# When the direction of a movement changes, is the object at rest at some time?

After the invention of modern calculus and notions like continuity and differentiability, the answer is quite trivial in Newton's formulation of mechanics assuming the body is moving along a line. The second derivative of the position should be always defined as it equals the total force acting on the body. Therefore the first derivative must be continuous. This derivative is the velocity. You are assuming that it changes its sign passing from time $$t$$ to time $$t'$$. A continuous function defined on an interval which changes its sign at the endpoints of the interval must vanish somewhere in the interval. That is an elementary result of Calculus. In summary, the body must be at rest at some time, if accepting the modern version of Newton's formulation of classical mechanics.

The objection that if the body stops at a certain instant, then the direction of the motion immediately after that instant cannot be decided is untenable. The direction is actually decided by the acceleration, that is by the total force acting on the body at the said instant.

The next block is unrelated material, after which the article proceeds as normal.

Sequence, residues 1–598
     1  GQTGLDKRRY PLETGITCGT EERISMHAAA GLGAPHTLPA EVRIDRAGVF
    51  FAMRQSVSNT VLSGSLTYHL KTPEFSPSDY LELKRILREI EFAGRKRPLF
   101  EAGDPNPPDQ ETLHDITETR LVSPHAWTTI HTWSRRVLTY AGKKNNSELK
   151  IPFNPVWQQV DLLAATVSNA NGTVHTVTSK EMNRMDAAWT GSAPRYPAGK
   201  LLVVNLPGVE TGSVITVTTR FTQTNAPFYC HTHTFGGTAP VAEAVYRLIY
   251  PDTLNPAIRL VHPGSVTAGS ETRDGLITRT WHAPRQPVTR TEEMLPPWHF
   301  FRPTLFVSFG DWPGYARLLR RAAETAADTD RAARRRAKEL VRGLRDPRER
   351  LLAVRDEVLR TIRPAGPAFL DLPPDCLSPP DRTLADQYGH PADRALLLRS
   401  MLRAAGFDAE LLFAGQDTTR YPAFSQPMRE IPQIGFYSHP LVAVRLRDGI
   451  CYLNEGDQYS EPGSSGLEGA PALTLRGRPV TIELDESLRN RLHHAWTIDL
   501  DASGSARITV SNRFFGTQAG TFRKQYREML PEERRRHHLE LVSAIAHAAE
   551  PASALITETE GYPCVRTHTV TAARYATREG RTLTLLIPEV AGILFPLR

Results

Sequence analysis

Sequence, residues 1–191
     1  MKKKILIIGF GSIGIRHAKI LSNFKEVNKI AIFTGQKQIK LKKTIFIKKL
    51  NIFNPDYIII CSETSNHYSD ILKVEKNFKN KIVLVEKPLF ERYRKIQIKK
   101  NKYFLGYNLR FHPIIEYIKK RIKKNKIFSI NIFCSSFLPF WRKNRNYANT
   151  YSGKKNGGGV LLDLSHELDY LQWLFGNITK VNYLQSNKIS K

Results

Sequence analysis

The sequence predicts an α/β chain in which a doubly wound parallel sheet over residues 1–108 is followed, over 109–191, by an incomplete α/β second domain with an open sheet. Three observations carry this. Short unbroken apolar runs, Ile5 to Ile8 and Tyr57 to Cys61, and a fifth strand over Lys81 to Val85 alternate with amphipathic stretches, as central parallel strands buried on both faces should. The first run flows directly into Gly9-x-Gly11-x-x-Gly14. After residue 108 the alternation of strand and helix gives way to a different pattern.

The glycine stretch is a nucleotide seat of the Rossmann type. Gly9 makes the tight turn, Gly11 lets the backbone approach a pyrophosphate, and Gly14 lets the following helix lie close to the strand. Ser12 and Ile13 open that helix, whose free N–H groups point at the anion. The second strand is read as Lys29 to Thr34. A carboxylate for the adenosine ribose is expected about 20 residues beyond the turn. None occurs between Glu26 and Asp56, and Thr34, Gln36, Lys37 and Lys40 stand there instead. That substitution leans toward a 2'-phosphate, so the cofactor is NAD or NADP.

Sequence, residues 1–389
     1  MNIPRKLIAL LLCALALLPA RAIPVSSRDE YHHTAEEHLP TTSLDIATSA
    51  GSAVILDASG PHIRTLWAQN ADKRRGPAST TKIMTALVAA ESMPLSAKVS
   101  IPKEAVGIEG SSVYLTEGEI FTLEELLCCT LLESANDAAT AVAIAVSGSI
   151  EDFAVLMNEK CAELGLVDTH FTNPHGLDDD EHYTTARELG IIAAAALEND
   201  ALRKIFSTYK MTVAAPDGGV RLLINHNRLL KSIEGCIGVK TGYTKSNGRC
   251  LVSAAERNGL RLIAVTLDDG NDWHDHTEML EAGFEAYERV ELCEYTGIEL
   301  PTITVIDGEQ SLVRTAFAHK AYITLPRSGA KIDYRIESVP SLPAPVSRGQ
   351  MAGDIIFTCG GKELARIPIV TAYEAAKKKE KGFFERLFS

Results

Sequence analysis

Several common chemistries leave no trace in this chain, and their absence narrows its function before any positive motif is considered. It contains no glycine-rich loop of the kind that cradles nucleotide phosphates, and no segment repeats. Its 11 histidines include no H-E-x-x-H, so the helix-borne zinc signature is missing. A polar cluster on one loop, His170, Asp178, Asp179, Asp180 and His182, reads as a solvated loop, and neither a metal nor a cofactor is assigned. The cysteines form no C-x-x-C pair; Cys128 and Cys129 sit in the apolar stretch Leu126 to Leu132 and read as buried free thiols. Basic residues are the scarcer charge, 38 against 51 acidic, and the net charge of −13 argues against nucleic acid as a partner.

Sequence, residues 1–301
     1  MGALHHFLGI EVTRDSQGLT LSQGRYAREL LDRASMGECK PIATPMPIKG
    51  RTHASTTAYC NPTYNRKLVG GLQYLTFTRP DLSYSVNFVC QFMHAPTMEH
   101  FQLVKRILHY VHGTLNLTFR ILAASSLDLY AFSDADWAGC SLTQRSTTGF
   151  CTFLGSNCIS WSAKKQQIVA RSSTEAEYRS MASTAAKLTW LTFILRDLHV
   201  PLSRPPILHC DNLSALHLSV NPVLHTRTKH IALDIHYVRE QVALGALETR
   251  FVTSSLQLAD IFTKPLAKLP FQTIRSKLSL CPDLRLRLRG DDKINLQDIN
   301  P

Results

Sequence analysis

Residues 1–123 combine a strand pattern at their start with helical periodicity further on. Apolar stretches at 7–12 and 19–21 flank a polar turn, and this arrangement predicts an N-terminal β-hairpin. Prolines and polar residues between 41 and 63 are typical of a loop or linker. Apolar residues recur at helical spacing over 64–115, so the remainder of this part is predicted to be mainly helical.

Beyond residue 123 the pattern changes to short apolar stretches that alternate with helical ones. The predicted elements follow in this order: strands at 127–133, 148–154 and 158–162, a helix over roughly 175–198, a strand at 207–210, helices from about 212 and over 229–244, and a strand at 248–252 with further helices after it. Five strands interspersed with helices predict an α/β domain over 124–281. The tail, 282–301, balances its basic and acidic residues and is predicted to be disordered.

I assume you are talking about an object that reverses direction through a collision. Take the case of a ball bouncing off the ground. As it hits the ground, the ball deforms and the ground compresses a tiny amount. The resistance of the ball to deformation and the resistance of the ground to compression decelerate the ball to the point at which its centre of mass is stationary, and thereafter accelerate the ball upwards.

The 'dilemma' is the mistaken result of assuming that no force acts on the object at the point at which its motion is stopped.

To explain this, I shall use the same example of a ball bouncing on the ground. In a perfectly ideal world, the ball will never be at rest throughout the bounce. There will be a time $$t$$ when the ball is going downwards. At time $$t+dt$$, the ball will be going upwards. This assumes that the coefficient of elasticity of the ball is exactly $$1$$ and the ball and ground are extremely rigid.

However this cannot happen in real life as there is no body is perfectly elastic. Also, the above case would also imply that the force applied by the ground on the ball would be $${\infty}$$.

Practically speaking, the ball hits the ground and gets deformed. The velocity slowly decreases to $$0$$ as the kinetic energy gets used up in changing the shape. The ball will be at rest at a particular moment before bouncing up again.